Informalisation as a Strength
Community Survival Systems and Economic Development in the African City
|Institution:||University College London|
|Degree:||M.Sc. in Urban Development Planning|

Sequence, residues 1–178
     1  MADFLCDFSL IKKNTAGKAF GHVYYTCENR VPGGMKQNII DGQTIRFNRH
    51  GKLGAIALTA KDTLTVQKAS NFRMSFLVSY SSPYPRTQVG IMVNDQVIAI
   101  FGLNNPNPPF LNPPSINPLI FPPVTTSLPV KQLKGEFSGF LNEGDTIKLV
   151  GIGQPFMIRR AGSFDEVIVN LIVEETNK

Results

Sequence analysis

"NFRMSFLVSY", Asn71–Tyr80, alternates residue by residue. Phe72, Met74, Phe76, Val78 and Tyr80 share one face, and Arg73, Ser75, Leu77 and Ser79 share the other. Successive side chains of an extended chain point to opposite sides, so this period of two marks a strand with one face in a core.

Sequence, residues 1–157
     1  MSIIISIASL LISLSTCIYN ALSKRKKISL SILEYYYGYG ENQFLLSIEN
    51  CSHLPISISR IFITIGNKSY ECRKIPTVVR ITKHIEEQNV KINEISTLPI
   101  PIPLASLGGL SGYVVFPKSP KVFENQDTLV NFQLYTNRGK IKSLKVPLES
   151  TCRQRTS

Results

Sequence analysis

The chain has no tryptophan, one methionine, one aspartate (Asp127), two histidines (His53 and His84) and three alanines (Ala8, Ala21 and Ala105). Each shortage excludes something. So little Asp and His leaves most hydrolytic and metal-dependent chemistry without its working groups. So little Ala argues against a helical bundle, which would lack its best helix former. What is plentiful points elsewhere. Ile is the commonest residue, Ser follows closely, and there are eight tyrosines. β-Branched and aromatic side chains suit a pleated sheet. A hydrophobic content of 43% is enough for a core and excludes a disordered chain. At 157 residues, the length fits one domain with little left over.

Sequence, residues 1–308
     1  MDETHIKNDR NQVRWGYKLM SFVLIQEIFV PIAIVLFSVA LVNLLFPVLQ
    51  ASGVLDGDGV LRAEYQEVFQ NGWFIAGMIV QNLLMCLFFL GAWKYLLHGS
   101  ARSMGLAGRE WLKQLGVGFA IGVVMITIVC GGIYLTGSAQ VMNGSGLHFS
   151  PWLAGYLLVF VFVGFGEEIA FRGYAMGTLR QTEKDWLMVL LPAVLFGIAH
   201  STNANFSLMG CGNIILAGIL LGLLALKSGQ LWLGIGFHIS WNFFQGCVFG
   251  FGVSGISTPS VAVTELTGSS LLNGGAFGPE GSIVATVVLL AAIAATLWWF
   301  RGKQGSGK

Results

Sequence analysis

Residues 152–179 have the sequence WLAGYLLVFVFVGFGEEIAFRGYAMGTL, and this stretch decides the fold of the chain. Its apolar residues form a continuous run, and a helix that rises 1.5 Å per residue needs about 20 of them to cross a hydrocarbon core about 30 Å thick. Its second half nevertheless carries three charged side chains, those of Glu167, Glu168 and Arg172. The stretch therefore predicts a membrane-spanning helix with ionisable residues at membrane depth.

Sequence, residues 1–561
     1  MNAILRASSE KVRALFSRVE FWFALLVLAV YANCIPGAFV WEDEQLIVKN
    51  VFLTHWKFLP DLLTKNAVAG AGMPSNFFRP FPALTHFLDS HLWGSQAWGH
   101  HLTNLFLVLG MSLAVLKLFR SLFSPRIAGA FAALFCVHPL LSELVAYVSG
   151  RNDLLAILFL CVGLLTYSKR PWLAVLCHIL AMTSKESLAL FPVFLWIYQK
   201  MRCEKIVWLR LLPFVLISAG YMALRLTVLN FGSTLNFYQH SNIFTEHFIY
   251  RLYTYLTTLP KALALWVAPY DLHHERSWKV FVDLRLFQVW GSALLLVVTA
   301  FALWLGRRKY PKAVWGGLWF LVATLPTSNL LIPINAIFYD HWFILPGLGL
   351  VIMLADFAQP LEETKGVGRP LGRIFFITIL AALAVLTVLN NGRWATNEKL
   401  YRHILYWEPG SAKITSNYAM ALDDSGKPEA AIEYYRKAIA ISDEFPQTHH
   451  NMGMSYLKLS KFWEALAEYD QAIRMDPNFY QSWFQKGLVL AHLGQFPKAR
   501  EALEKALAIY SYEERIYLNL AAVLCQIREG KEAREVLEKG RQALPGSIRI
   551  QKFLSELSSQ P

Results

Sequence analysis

This dissertation is concerned with resources for economic development in cities in Africa. It argues for the greater understanding of the dynamics, practices and cultures within popular neighbourhoods and for recognising the creativity within them as a critical resource. Such an appeal is apt in a context where informal initiative has been suppressed, neglected and its potential wider influence curtailed. This paper takes the view that the popular neighbourhood is not just a place of needs, nor are its resources important only for addressing its own pressing issues; rather, it can be a major contributor to economic development in cities of Africa. This argument draws on concepts and findings from two research initiatives on a Lusaka settlement which delved into community resourcefulness, during a time of consolidation and at a time of serious economic stress. The main proposition is that economic strategy formulation in African cities needs to be based on a good grasp of the constraints and creativity of popular neighbourhoods and the survival strategies they spawn.